It’s been almost a year since I last posted about maps, so I figure it’s time for an update! I’ve added a lot of features and fixed a lot of bugs in libshumate’s vector tile renderer.
One of the major benefits of vector tiles is that, unlike raster (image) tiles, we can scale them up without making them blurry. This means that, after a certain zoom level, it’s not really useful to keep splitting the data into smaller and smaller chunks–we can just take a lower zoom level and scale it up.
This has benefits throughout the stack. Offline maps will take a lot less space because we won’t have to store so many different levels of detail. Also, since each zoom level contains four times as many tiles as the one before it, level 18 for the whole world contains over 68 billion tiles! But level 14 contains “only” 268 million. That’s still a whole lot, but it’s small enough that, with a powerful enough computer, we can generate them up front and serve them with a much simpler server than raster tiles, which must be generated on demand. The pre-generated tiles are about 80 GB. If you’d like to know more about this process, check out Planetiler or watch out for a future blog post!
The symbol collision detection that I described in my previous post worked well, but had some drawbacks. Primarily, it wasn’t flexible enough to support all the text layout features I want to implement from the MapLibre spec.
The problem was that the R-tree was built ahead of time and persisted between frames, so it had to contain every symbol in the visible area and every way that each one could rotate or be repositioned. This would have made the code extremely complex if, say, I wanted to add the
text-variable-anchor property, which allows labels to move around to get the best chance of not colliding with another label. How would the R-tree know which placement of the label is the current one?
So I changed the R-tree to be re-built every frame. Only rectangles that are currently visible are included in the tree, so the code to check whether a rectangle collides is much simpler. Surprisingly, the new approach actually increases performance, despite constantly rebuilding the tree. Only visible rectangles have to be checked against on each lookup, and the rectangles are smaller because they don’t have to account for every possible rotation of the label, which makes the R-tree method more effective. Here’s the visualization of the new technique:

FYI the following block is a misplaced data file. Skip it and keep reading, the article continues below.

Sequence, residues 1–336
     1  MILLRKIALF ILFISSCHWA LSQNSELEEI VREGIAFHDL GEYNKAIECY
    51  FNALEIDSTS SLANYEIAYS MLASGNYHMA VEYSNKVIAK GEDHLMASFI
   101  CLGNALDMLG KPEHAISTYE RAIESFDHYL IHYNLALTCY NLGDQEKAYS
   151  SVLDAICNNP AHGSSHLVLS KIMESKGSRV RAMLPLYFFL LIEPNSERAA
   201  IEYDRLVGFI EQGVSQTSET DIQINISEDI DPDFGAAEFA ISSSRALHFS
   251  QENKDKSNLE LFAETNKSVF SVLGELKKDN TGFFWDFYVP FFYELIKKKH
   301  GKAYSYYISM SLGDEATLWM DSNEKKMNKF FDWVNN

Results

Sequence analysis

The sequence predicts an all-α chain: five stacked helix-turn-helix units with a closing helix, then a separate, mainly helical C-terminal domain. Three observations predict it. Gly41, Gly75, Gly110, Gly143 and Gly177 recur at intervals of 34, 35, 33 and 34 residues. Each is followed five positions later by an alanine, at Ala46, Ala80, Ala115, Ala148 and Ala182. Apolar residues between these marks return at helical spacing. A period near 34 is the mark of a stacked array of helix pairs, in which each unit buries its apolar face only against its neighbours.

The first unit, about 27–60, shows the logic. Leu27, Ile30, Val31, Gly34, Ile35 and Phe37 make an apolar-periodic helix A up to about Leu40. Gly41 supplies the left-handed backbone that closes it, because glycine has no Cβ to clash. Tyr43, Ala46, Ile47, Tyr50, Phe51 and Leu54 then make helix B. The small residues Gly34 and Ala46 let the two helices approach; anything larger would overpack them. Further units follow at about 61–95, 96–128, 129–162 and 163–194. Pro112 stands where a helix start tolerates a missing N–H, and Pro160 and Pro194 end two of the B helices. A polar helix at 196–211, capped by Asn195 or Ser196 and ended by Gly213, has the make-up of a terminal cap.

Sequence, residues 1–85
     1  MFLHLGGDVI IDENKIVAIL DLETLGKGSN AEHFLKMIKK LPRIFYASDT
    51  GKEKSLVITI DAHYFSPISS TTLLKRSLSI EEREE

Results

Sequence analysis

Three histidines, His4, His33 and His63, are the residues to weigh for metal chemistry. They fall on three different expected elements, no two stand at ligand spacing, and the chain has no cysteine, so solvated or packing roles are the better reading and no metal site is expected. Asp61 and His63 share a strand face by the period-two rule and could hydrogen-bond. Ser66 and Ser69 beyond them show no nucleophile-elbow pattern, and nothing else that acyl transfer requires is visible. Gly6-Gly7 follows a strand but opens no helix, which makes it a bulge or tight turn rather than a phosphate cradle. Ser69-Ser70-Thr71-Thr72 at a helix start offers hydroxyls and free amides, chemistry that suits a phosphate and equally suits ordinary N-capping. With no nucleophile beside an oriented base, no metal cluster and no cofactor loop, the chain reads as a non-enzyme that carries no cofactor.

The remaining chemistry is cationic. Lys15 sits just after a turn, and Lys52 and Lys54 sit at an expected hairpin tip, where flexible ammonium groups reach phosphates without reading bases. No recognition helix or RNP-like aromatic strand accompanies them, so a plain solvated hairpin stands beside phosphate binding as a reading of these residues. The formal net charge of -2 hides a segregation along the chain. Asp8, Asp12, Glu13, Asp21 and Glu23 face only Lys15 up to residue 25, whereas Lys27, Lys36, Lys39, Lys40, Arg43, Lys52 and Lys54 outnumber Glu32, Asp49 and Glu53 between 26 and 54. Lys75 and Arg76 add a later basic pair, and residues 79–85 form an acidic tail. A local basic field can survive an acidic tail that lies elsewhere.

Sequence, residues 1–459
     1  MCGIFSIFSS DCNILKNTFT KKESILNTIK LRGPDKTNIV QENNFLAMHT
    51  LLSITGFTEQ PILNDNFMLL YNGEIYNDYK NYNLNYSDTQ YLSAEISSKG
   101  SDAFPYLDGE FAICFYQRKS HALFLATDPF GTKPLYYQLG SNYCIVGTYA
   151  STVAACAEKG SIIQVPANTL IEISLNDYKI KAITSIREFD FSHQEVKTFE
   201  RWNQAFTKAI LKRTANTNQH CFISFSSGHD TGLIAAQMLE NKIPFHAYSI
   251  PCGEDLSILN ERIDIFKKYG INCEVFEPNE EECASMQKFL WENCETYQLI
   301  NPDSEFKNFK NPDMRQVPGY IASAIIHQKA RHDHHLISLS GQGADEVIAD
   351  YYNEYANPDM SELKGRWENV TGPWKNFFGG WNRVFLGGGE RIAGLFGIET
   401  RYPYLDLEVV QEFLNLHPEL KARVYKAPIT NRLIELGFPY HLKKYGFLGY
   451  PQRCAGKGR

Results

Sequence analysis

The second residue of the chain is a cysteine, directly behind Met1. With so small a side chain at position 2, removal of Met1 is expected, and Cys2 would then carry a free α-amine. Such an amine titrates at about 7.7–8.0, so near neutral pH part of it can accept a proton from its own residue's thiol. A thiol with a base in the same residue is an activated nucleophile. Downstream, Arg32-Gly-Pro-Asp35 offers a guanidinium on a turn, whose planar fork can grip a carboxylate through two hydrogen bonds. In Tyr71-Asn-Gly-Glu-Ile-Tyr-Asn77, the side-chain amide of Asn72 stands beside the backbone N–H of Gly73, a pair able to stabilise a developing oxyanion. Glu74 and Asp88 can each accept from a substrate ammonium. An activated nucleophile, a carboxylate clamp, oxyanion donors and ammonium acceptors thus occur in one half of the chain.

Following the symbol collision changes, I implemented icons in symbols. This includes both the icons in places’ labels and things like the one-way arrows on streets. It would have been much more complicated to do correctly with the old collision code, but now it works pretty well. Here’s a screenshot:
A huge part of the MapLibre spec deals with expressions and data-driven styling. It’s one of the things that make vector tiles so powerful: we can customize the map in new and creative ways without downloading a whole new set of tiles from the server.
Expressions allow style authors to make styling decisions based on the characteristics of individual features, such as giving tunnels a dotted line casing or choosing an icon based on a point of interest’s specific subclass.
The OpenStreetMap Americana project has been pioneering many interesting new uses of expressions. They have support for internationalization, even showing a city’s local name underneath its name in your language if it’s different. They also have highway shields, which are the “icons” that distinguish different route networks, such as the US Interstate system. These use fairly complicated chains of expressions, so to get these features in libshumate I’ll need to implement more of the expressions spec.
I’ve started with the
coalesce expressions, which let us use conditions and create fallback styles, and
var, which make it easier to change style configurations and keep the style organized. I also added some basic string functions like
downcase as well as mathematical operations.
I’ve created a documentation page cataloging the state of our MapLibre spec implementation. There’s a lot of red X’s at the moment. But many of them, including the most important ones, will be fairly straightforward to implement.
I’ve also made some improvements to performance–including Sysprof integration–but that’s a subject for another blog post. I’ve also started working on a new map style, which will also get a blog post when it’s a little further along.
But most importantly, the vector renderer is getting to a point where it’s usable with a real style–you might have noticed the screenshots in this post use OSM Liberty instead of the old testing style, and it looks pretty good! So the next step is to get GNOME Maps ready to use the vector styles. It will start as an experimental feature, but the goal is to get it to a point where it can become the default.
Thank you to everyone who’s encouraged my maps obsession over the years, given me feedback on my map style, reviewed my merge requests, and contributed on Sponsors. I’m looking forward to another exciting and hopefully eventful year of map development!